A European spacecraft that has been orbiting a distant comet has been able to identify that the comet, 67P/C-G, smells like “being trapped in a stable with a load of rotten eggs and a drunk person,” reports NPR’s Morning Edition.
“It’s quite a smelly mixture,” researcher Kathrin Altwegg, a researcher at the University of Bern in Switzerland, told NPR’s Geoff Brumfiel.
Though one’s sense of smell is almost non-existent in space, the Switzerland-based Altwegg was able to pick up the odor on Earth using an instrument called ROSINA. The European Space Agency has since “posted a full rundown of the comet’s BO on its website,” and the smelly culprits include ammonia, hydrogen sulphide, and formaldehyde.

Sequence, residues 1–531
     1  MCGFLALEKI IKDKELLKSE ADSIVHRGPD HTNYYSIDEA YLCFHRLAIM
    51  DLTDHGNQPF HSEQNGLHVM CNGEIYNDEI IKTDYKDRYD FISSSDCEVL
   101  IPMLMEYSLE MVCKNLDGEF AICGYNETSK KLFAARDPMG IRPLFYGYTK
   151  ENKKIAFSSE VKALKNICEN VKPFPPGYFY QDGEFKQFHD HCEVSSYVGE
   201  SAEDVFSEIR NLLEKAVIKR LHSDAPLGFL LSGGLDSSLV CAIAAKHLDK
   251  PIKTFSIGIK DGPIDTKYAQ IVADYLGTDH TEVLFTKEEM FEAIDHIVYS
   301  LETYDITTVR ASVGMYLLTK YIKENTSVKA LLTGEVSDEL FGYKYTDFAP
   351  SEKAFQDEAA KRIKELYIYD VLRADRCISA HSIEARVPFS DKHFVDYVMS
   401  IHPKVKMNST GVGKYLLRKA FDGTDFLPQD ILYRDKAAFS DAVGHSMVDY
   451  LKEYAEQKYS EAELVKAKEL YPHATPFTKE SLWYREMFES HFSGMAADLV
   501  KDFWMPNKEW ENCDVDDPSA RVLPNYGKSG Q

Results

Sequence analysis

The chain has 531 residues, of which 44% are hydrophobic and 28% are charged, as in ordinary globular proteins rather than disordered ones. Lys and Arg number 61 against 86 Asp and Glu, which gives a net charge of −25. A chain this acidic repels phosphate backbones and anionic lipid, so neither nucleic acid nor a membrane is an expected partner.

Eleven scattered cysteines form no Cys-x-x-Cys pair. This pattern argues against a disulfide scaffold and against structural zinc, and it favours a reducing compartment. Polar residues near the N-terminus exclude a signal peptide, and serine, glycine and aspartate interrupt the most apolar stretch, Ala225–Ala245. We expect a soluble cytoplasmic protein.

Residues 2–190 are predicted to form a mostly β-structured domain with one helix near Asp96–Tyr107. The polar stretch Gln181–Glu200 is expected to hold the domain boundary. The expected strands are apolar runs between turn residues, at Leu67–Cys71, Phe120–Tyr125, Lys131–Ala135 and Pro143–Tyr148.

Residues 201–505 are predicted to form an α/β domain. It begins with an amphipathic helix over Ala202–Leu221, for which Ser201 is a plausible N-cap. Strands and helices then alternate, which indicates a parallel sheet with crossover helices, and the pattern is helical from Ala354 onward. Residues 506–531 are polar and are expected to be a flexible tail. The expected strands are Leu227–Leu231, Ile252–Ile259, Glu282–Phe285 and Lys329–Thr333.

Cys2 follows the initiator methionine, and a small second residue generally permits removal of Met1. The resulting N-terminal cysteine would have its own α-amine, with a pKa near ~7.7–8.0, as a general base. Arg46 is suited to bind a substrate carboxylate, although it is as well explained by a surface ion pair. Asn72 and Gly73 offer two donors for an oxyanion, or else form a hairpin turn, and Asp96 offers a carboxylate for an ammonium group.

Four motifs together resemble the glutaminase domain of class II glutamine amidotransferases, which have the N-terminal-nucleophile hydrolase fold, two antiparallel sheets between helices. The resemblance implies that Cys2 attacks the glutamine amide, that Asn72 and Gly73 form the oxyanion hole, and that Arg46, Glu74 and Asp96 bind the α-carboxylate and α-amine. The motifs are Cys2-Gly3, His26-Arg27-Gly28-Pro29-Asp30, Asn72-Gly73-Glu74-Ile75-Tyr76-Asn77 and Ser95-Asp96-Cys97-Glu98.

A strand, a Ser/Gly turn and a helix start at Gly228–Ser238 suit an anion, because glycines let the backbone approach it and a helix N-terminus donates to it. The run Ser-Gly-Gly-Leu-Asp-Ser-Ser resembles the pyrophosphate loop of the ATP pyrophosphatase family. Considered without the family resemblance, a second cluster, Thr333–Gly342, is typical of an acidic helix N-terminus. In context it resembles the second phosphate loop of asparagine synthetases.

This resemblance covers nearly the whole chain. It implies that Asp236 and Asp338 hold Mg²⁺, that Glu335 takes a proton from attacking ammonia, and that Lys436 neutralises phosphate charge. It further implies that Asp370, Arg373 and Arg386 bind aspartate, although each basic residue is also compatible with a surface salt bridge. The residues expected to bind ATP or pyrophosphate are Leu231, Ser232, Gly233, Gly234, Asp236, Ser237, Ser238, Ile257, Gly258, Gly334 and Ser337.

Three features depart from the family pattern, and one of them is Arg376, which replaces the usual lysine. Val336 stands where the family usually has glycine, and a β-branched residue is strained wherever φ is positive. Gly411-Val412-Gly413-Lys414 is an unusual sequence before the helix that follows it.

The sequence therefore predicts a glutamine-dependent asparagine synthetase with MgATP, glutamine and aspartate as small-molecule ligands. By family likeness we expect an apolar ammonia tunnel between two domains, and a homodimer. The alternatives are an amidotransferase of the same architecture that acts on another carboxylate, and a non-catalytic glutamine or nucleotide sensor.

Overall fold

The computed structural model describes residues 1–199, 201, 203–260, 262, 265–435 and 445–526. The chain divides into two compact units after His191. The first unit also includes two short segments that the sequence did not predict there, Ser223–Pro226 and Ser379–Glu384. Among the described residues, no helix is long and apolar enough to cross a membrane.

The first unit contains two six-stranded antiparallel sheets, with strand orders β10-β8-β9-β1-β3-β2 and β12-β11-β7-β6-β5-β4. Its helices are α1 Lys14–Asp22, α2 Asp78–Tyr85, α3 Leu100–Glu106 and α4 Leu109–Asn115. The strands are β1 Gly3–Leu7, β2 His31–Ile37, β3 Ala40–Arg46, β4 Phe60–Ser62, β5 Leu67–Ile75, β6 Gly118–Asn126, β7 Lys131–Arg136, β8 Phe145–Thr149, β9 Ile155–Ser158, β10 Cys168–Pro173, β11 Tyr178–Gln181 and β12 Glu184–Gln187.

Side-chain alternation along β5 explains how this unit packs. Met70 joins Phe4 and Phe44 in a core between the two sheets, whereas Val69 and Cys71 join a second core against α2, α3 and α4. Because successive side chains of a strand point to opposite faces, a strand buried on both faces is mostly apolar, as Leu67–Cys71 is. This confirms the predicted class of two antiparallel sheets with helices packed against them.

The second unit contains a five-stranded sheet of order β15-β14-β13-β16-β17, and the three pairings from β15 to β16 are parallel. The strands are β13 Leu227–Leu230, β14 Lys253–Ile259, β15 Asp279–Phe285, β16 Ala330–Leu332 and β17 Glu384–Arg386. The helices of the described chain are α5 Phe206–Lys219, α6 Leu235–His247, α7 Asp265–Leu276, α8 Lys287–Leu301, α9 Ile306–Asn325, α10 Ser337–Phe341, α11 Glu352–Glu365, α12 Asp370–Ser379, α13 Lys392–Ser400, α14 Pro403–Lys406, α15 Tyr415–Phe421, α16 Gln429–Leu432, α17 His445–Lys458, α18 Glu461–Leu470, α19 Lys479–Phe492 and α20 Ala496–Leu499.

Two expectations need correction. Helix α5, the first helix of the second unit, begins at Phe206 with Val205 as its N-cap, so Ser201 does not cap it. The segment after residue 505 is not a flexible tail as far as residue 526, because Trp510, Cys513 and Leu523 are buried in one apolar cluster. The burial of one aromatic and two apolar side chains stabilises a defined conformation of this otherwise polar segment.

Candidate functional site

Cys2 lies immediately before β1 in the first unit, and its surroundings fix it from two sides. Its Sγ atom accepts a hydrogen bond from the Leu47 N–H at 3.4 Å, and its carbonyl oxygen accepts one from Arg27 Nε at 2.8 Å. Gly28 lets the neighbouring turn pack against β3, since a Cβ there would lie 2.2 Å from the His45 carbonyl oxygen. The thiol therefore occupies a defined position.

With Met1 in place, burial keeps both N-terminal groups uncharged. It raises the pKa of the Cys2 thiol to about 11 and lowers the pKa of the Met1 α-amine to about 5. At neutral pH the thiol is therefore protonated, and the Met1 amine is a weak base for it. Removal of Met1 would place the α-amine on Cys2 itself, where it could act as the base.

Until now, scientists hadn’t gotten close enough to comet to study its smell, but the ESA’s Rosetta mission is now just five miles from the surface of the comet.
"It's a little smelly, but at the moment it's a lot of fun to go to work every morning," Altwegg told NPR.
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Karen Lo is an associate editor at The Daily Meal. Follow her on Twitter @appleplexy.